Radon activities in groundwater samples in different districts of Himachal Pradesh vary and the maximum radon concentration is found in the groundwater of thermal springs and the minimum value in a water tank. The highest value of radon concentration is recorded in thermal spring at Kasol (792 9 Bq/l), which is in the Kulu district of Himachal Pradesh. The uranium content of water in the Kasol thermal springs was found to be 37.40 0.41 ppb. The radon anomalies are related to Shat-Chinnjra and Kasol mineralisation. The radon concentration at Chinnjra also shows a high value of 144 4 Bq/l in natural springs (bauli) as compared to other natural springs at Takrer and Bradha in the same area.

The study was also carried out in Varahi and Markandeya river basins, Karnataka State, India. The measured levels in 16 groundwater samples of the Varahi command area ranged between 0.20.4 and 10.11.7Bq/l with an average value of 2.070.84Bq/l.

In contrast, the recorded activities in 14 groundwater samples in the Markandeya command area were found to vary from 2.211.66 to 27.30.787 Bq/l with an average value of 9.301.45 Bq/l.

Radon concentrations in groundwater changes significantly on abstraction, aeration, storage and boiling. Radon is essentially chemically inert, but radioactive. It is the heaviest noble gas at room temperature.

At standard temperature and pressure radon is colourless. Natural radon concentrations in the Earth's atmosphere are very low; the water in contact with the atmosphere will continually lose radon by volatilisation, while groundwater has a higher concentration of 222 Rn than surface water.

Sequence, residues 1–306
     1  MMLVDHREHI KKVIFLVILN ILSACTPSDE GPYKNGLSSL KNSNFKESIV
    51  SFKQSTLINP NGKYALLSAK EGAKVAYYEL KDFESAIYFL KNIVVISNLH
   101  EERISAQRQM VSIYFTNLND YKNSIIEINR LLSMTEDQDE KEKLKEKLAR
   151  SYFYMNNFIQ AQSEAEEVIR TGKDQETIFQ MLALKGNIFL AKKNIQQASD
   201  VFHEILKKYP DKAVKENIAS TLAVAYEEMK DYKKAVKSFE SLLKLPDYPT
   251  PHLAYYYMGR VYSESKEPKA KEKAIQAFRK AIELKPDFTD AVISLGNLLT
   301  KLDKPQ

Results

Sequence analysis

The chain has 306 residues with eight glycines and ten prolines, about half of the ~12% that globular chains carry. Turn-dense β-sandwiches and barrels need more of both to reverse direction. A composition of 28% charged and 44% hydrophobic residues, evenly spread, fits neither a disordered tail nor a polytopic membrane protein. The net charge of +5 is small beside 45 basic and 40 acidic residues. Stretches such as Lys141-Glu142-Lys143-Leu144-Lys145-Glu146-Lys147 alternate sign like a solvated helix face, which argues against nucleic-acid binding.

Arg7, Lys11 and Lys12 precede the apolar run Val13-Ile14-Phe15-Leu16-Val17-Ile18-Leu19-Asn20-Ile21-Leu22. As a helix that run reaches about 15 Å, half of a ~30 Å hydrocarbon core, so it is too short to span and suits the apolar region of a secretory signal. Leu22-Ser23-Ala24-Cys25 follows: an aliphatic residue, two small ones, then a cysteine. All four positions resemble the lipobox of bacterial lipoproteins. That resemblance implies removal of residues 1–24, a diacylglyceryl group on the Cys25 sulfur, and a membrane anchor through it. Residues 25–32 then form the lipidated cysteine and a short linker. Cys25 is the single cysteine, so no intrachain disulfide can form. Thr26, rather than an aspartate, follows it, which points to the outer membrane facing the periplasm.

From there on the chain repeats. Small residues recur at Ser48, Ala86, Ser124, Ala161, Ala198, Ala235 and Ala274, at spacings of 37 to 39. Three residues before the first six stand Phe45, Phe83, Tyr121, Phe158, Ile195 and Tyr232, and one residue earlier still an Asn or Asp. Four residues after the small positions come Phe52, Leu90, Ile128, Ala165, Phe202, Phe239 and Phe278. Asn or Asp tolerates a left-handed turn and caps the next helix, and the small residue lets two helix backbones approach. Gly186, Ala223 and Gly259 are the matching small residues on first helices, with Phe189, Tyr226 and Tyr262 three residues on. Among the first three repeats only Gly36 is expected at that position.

Radioactive substances in groundwater such as radium, uranium and thorium, occur naturally. They are present at least to some extent in almost all rocks and radium, in particular, dissolves more readily into groundwater in contact with sands or soils. The acidity of the water, which may be increased by the presence of elevated levels of nitrates associated with agricultural land use, is believed to increase the amount of radium that dissolves in groundwater from contact with sands and soils.

The most stable isotope is radon-222 which is decay product of radium-226, has a half-life of 3.823 days and emits radioactive alpha particles.

Radon being the daughter product of uranium is expected in higher levels in rocks containing uranium. The studies indicate that granite, pegmatite and other acidic rocks are generally rich in uranium compared to other rocks. When groundwater percolates through rocks rich in uranium, it is expected to contain a high level of radon gas in groundwater.

Radon is a carcinogenic gas and therefore is hazardous to inhale this element since it emits alpha particles. Radon in water may therefore present dual pathways of exposure for individuals -- through drinking water and inhalation of air containing radon released from groundwater.

Its solid decay products and their daughter products tend to form fine dust, which can easily enter the air passage and become permanently stuck to lung tissue, causing heavy localised exposure. Build-up of radon in homes has also been a recent health concerns and many lung cancer cases are attributed to radon exposure each year. Radon escalates health hazard to smokers.

The writer is a geologist and lecturer in the department of environment and water management, Ranchi University, Jharkhand